Humbled Spieth admits loyalty has been key to resurgence

Jordan Spieth in Pebble Beach, California. (Photo by Steph Chambers/Getty Images)

Jordan Spieth says he always believed in his team through a barren spell of golf that ended with his first win since 2017 at last week’s Valero Texas Open.

Where some players might look at their backroom team and think ‘change’, the 2015 Masters Champion admits he took the responsibility on the chin when it came to his own form and returns to Augusta National as one of the pre-tournament favourites having been rewarded with a remarkable turnaround in fortunes this year.

“I think I needed to look back and take responsibility,” said Spieth after arriving to Augusta. “It’s part of the game. Some people on certain levels and some people on others. I mean, it’s not like I lost my Tour card. I just wasn’t winning three times a year.


“So I think if I won once a year since then you guys still might have called it slightly a slump off of some years. It’s all about whatever the expectations of the individual are and what they can manage from the outside.

“For me it was taking ownership and this is what happened. I believe in my team. They have proven themselves to be the best in the world, and how can we all get a little bit better through this and what steps are we going to take forward to be able to feel this momentum together as we start to make progress in the right direction and then believing that that’s happening.”

Spieth ended the 2020 season with six missed cuts on his record as his ranking slipped to 82nd in the world. No longer amongst the top-50 readily qualifying for the game’s biggest events, Spieth admits that missing out on this year’s WGC-Workday was a particularly humbling experience that lit the fire inside the three-time major winner.

“I think I was, I guess, humbled to an extent,” Spieth said. “I never felt like I ever got a head of myself. I never felt like I was out there overly confident. But I think you get humbled a little bit.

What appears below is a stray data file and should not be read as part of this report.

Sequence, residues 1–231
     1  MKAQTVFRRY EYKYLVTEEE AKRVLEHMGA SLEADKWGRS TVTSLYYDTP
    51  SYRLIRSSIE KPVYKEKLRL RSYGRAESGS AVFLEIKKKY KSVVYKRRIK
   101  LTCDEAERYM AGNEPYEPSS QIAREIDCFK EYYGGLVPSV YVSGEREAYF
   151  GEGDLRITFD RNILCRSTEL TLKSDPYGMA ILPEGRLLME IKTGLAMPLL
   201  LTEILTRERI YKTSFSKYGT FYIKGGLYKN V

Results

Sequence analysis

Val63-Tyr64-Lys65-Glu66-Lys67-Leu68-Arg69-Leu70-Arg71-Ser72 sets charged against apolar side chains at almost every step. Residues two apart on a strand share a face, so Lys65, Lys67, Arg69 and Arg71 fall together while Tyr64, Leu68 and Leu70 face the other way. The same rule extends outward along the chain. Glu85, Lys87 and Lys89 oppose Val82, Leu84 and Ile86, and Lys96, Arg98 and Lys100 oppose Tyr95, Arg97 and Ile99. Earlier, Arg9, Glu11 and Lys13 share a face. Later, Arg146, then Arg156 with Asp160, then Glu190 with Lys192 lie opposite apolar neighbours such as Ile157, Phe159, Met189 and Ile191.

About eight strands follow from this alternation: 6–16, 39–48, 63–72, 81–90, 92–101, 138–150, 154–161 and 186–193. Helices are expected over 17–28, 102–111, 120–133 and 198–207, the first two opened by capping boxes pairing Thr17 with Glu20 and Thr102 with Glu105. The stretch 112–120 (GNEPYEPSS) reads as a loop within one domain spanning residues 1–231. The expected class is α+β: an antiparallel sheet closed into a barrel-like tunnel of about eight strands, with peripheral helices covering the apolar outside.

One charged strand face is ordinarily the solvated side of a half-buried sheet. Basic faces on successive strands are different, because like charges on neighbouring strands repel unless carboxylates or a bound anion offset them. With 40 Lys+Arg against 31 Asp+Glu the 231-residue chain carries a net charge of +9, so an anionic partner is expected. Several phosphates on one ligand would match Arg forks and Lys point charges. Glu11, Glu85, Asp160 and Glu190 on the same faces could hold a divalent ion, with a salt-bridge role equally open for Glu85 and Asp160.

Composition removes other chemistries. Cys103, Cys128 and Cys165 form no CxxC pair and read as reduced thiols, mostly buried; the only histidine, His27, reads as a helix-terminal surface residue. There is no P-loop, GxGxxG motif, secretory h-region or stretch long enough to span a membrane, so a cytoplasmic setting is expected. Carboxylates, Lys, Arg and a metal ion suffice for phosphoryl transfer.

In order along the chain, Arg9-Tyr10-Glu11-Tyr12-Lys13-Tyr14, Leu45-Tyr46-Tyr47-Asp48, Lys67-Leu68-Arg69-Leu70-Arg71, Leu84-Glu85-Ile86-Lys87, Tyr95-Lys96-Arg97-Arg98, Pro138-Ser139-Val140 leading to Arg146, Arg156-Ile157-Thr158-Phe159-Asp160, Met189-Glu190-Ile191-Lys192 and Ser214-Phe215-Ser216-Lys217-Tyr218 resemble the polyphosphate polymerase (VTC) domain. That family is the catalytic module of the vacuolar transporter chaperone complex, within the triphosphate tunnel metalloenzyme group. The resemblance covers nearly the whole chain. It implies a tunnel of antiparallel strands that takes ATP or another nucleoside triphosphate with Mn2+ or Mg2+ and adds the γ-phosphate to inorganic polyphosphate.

“For me it really stung when I missed the World Golf Championship. I didn’t qualify for the World Golf Championship this year and I think that was the first one that I didn’t qualify for. When there was a tournament being played that week that I was healthy and could play in and just didn’t have a spot in the tournament, that kind of hit me and it was a driving factor, I think, in continuing.

“I’ve learned a lot of patience. I probably spent a year of struggling where I was forcing a lot of things, and it just made it worse. But it was just kind of hard not to force it because I just wanted to be back to playing good golf so quickly without really — sometimes less is more.

“I think it’s a new — I’m not a very patient person in general, and I think having to kind of learn patience through struggles is massively important, where taking a step back and maybe taking a full month away from the game and kind of coming back with a new game plan and new set plan and sticking to it versus when you don’t take that time off, a lot of times you go almost day-to-day or week-to-week and you’re changing swing thoughts or you’re swinging your attitude. I think the less is more and the patient mentality.”

Not just patience, but Spieth has retained plenty of perspective through this time of struggle. As he already mentioned, it wasn’t like he was ever on the brink of losing his Tour card. Rather it’s that one of the game’s best players wasn’t competing at the very top table where many felt he belonged. After returning to the winner’s enclosure at Texas, who’s to say Spieth isn’t about to feast, particularly at a course he loves in Augusta National.

“I’m 27, and a lot of people’s careers get started at 27 in this sport,” Spieth added. “Phil [Mickelson] was, what, 31, when he won his first major and had a major championship career after he won his first major, and four or five years, still my senior.

“So there’s a lot of ways to look at it. I think for me it’s not forcing into kind of the here and now and more just taking the patient route and taking the momentum route and just try and get — do something just a little bit better this week than you did the week before; trust something you didn’t trust the week before and pull it off and gain that confidence. Just head down, almost like one shot at a time, but that even goes into practice sessions.

“I like the progress that I’m making. I don’t feel that I have the control of all facets of my game that I want to have yet, but I feel like I’m working the right direction. Will that be — make a difference this week? Don’t know. But I’m going to work at trying to just be a little bit better than I was last week.”

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